Daniel J. Ikenson
The eyes of the international trade community are fixed on Senators Orrin Hatch (R-UT) and Ron Wyden (D-OR), upon whom responsibility for crafting bipartisan Trade Promotion Authority (TPA) legislation has fallen. At last report, Senate Finance Committee Chairman Hatch and Ranking Member Wyden were at an impasse over some important components of the bill, passage of which is widely considered necessary to concluding the long-gestating, 12-nation Trans-Pacific Partnership (TPP) agreement. That agreement must be concluded before the Transatlantic Trade and Investment Partnership (TTIP) negotiations make any progress. Those negotiations will have far-reaching implications for the multilateral trading system, including China, India, Brazil and other countries not currently party to these mega-regional trade agreements. Hence, TPA’s outcome is of worldwide interest.
Trade Promotion Authority has been maligned as a congressional capitulation or executive power grab. It is neither. The U.S. Constitution grants Congress the authority to “regulate commerce with foreign nations” and to “lay and collect taxes, duties, imposts, and excises” and grants the president power to make treaties with the advice and consent of the Senate. Accordingly, the formulation, negotiation, and implementation of trade agreements require the involvement and cooperation of both branches. TPA is a compact between the branches that obliges these respective constitutional authorities, while guaranteeing an up-or-down vote by Congress, on an expedited basis, of any trade agreement negotiated by the executive branch with foreign governments, provided that the agreements meet the objectives spelled-out by Congress in the legislation. This conditionality is often ignored or brushed over by news reporters, who either spend too much time with trade skeptics or who are looking to economize on words.
Without such a compact, trade agreements would be nearly impossible to conclude because foreign negotiators – knowing that any agreement reached would be subject to congressional revisions – would never put their best offers on the table. The process of negotiating and renegotiating with 535 officials (instead of one agency, the Office of the U.S. Trade Representative) would make for an interminable process too cumbersome and costly to pursue. For practical purposes, negotiations have to occur between small parties vested with the authority to speak on behalf of those whom they represent. Trade Promotion Authority is the solution.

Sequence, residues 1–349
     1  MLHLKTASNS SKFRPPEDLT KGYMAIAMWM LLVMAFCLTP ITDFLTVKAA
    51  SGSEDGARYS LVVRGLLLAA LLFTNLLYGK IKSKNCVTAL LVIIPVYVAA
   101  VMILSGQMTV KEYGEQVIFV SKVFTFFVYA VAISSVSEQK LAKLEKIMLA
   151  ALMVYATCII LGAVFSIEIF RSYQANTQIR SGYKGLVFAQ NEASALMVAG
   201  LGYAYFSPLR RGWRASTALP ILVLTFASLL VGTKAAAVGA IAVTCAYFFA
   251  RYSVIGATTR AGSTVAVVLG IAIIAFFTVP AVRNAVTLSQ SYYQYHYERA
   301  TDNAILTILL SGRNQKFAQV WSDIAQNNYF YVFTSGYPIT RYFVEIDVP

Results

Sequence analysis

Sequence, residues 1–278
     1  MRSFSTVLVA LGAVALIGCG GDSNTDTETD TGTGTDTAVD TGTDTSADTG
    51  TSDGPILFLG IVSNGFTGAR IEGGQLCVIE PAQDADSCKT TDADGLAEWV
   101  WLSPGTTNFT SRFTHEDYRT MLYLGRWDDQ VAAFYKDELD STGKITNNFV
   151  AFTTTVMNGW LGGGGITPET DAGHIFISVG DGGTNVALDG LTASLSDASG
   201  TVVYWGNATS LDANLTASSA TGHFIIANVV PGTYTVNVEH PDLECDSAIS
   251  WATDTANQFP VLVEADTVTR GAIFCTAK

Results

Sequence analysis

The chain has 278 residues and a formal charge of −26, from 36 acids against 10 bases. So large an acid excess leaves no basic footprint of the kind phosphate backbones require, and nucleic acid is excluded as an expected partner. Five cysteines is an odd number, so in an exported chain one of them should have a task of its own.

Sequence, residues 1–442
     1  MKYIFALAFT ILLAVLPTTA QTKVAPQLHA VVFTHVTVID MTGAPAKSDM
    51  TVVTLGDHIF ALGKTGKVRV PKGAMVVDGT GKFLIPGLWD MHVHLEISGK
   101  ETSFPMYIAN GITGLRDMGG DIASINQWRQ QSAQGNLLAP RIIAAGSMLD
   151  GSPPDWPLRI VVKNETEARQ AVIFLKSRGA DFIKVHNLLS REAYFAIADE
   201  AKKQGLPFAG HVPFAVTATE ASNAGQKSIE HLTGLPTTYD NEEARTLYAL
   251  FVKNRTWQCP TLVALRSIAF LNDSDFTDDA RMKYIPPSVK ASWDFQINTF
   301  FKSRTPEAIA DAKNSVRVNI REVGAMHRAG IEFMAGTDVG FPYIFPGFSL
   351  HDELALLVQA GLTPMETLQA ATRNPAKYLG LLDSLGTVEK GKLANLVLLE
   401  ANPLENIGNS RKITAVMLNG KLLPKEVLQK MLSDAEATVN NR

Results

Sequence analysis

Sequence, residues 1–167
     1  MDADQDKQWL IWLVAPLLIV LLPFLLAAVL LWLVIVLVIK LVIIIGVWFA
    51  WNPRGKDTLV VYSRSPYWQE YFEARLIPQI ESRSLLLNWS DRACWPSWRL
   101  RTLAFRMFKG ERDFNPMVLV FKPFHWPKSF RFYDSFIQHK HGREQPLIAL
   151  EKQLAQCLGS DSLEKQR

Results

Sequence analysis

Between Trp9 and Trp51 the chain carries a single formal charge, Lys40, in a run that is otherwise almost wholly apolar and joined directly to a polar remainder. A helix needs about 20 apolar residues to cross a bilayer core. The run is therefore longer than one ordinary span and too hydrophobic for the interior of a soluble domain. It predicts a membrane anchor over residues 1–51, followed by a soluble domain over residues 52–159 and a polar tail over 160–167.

But one important consideration that created the impasse between Hatch and Wyden concerned the process of holding the president to account. The compact is intended to grant negotiating authority to the president – including expedited procedures that lead to an up-or-down vote within a certain number of calendar days – in exchange for the president’s commitment to negotiate on behalf of Congress by honoring a list of congressional objectives. The question is: how should Congress verify that the president satisfied his obligation to honor their objectives before proceeding with expedited congressional consideration?
Under previous TPA legislation, Congress was afforded opportunities to offer “Resolutions of Disapproval” over procedural concerns, including whether the trade deal advanced the objectives of Congress. Such resolutions were required to be reported to and approved by the respective trade committees in each chamber. That process would seem sufficient, given that most congressional action is funneled through committees with chairs and ranking members holding sway. Senator Wyden’s view, however, was that it should be easier to strip an agreement of “fast track” treatment, perhaps by allowing for more channels through which such “resolutions” could come to the floor for a vote and requiring 60, as opposed to 67, votes in the Senate to pass the resolution. Wyden also seemed to favor affirmative “certification” that an agreement comports with congressional objectives, as opposed to requiring passage of a resolution that it doesn’t comport – an idea which Hatch equated to effectively requiring a second TPA vote.
Well, as of a few hours ago, various media were reporting that a deal had been struck and that Wyden agreed that the fast track “circuit breaker” would still require a resolution of disapproval to pass, but that the threshold number of votes would be 60, not 67. That sounds like a reasonable compromise struck by senators who want TPA legislation to pass.
Of course, procedures for taking agreements off the fast track in the House will be different – presumably a resolution of disapproval channeled through Ways and Means Chairman Paul Ryan, which would require 218 votes. But articulating those procedures and ensuring that the TPP and other trade agreements abide Congress’s wishes will square the constitutional circle with Trade Promotion Authority, and preserve the right of each member of Congress to vote “yea” or “nay” on the TPP.